I think that’s been helping me a lot. I’ve gained more than 12 lb and I feel in better shape than ever. I’ve been hiking again lately and I’ve started playing soccer with Nachito in the evenings. So far I haven’t noticed any signs of back pain, which means that the herniated disk is probably healing.
Swimming during the summer was very pleasant; Davis is super hot and jumping into the water at noon was very refreshing. I also have a great tan from swimming under the sun. However, it’s getting a bit chili now (~80º F). I wonder how hard it will be to swim during the winter; hopefully they will adjust the water temperature. In any case, swimming with others is very encouraging, it’s much easier to share the workout with regular lane-mates and a coach to urge you on.
Today we had a physiotherapy assessment test and just learned that my right shoulder is fucked up. It has a much more limited range of motions than the left shoulder and it makes cracking noises when rotating on certain angles. This summer I had a minor injury while swimming at the beach that kept me away from the pool for about one week, but it slowly recovered and after two weeks the pain was gone entirely. However, it’s very likely that I’ll have more problems if I don’t get that fixed. I should be able to change medical plans pretty soon, so hopefully I’ll be able to chose a decent physiotherapist.
We went camping last weekend. This was our second attempt; the first one last Autumn was a disaster. Nachito would not stay inside the sleep-bag during the night and he was going to get a cold outside, so at 1:00 am I had to pack everything and head back to arrive home three hours later. This time Nachito is almost one year older and his mom came with us, so we had more chances to success, and in fact, it went pretty well; Nachito behaved like a grown up this time.
When I was a kid I lived in the city, but once a week we got a large milk delivery from the farm. The milk was raw and fresh. I remember we had to boil it ourselves and remove the excess of fat. One of the greatest treats of my childhood was eating the freshly skimmed cream of the raw milk mixed with sugar.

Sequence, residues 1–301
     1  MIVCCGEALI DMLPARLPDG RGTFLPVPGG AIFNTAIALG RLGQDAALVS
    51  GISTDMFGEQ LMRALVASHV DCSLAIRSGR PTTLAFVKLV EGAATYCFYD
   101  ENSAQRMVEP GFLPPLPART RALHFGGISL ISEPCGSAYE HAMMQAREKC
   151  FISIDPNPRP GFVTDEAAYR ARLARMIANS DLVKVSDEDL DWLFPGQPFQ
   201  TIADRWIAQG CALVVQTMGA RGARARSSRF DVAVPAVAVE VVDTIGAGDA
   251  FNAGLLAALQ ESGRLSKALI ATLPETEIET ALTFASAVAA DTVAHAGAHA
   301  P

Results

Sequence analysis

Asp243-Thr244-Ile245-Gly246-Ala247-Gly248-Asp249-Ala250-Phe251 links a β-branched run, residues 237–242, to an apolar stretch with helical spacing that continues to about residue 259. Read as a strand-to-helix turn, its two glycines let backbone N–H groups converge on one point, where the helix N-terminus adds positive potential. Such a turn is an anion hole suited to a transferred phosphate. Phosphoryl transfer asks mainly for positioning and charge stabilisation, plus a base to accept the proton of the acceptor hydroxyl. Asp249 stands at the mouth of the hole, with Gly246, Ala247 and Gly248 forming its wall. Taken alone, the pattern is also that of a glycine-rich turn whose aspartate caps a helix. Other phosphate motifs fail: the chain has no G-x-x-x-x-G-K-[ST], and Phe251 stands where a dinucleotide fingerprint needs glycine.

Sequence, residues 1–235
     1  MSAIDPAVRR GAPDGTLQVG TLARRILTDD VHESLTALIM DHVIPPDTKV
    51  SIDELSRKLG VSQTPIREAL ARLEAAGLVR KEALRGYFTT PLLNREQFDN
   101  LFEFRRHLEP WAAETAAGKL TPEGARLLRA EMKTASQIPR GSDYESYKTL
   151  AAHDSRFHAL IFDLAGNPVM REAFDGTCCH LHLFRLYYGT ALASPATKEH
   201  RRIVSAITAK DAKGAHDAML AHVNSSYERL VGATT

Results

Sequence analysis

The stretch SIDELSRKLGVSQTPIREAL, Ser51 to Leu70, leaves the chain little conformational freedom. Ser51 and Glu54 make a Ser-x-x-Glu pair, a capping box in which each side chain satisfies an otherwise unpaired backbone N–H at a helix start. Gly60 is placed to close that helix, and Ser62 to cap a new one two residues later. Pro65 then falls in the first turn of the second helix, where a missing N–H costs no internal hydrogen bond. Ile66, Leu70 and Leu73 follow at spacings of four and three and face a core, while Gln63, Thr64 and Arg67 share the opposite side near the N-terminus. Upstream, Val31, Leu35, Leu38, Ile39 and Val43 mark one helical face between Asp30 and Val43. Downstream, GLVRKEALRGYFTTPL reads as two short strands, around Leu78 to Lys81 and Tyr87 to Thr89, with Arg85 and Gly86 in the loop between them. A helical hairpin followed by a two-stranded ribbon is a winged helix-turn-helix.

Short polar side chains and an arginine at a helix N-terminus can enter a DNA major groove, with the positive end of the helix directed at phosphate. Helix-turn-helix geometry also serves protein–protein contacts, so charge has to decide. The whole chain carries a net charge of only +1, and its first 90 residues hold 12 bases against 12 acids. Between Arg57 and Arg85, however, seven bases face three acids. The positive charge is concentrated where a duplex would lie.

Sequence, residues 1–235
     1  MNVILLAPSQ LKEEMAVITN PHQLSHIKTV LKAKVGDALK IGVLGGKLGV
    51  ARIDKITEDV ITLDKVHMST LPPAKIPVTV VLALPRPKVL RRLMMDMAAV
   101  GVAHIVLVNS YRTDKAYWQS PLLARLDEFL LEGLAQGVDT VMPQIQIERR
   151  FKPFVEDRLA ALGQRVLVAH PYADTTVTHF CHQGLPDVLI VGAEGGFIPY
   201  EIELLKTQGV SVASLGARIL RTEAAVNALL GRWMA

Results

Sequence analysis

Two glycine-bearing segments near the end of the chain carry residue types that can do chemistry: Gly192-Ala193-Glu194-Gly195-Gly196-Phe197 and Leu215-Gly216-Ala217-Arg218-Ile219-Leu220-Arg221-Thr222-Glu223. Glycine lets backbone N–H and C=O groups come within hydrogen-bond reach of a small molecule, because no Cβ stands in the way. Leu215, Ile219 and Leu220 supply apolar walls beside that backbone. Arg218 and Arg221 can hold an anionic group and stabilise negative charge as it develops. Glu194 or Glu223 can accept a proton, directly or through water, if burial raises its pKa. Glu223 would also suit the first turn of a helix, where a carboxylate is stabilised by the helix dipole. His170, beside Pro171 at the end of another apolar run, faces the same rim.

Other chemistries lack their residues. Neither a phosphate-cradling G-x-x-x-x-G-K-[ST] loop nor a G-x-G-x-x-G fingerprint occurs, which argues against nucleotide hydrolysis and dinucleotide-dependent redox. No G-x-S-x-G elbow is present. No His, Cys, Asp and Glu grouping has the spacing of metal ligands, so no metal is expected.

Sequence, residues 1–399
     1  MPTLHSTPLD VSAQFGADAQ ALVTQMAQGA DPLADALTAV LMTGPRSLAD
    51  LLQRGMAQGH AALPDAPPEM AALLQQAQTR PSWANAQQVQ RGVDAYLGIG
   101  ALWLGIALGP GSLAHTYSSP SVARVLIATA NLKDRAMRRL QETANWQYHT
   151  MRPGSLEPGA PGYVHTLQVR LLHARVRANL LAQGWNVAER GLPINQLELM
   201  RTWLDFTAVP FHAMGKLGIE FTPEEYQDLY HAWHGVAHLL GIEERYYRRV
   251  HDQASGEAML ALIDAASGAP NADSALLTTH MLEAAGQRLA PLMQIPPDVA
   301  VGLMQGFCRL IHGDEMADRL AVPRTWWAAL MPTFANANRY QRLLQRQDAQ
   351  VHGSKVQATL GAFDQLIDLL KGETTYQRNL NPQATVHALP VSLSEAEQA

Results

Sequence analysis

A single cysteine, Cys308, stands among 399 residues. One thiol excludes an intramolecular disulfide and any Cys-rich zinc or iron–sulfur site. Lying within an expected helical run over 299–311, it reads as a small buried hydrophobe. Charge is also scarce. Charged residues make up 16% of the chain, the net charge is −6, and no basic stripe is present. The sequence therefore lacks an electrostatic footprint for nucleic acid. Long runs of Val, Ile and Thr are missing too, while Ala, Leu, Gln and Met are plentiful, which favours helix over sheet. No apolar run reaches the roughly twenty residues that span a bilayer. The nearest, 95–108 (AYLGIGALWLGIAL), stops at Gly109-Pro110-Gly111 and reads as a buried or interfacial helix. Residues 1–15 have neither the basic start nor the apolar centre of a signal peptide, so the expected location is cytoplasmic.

Since we got more milk than we could actually drink ourselves in a week, my grandmother used to make deserts with it. My favorite was rice with milk. However, at some point somebody decided that the few cows in the farm were too much of a hassle to maintain, the cows were sold, and our supply of raw milk ended. We tried to keep making the same recipes with pasteurized milk, but it was not the same. So, I spent years without enjoying this desert until I came to the US.
I don’t know what’s going on with me lately. Mariana and Nachito are in Brazil visiting Mariana’s family, so that leaves me with plenty of free time. I finally got an epidural injection, so physically I’m feeling great. In the past I would have taken this time to code like crazy and get lots of things done, but things are going much slower than I was hoping. Maybe it’s the heat of the summer, or that now that my body feels fine, I need some time to enjoy it and relax.
Anyhow, today it’s time for some more food blogging, and now that we are in midst of the summer there’s nothing better than Salmorejo. As soon as the tomato season starts, this is something that I have for lunch or dinner almost every day. It’s easy to cook, it’s fast, it’s refreshing, and it’s filling.
Our siggraph course has been accepted and is finally up on the siggraph website! Here’s the brief description of the course:
An overview of the most recent theoretical results and their implementations on the current and next-generation GPUs, and a demonstration of applications in the gaming and movie industry.
We will bring together participants with different backgrounds: ISV from the game and movie industry, IHVs and academia. Each one will provide their own point of view on the topic and describe their own experiences with these methods. I think that will be very valuable to understand the weaknesses and strengths of these techniques, and will hopefully encourage other developers to adopt them.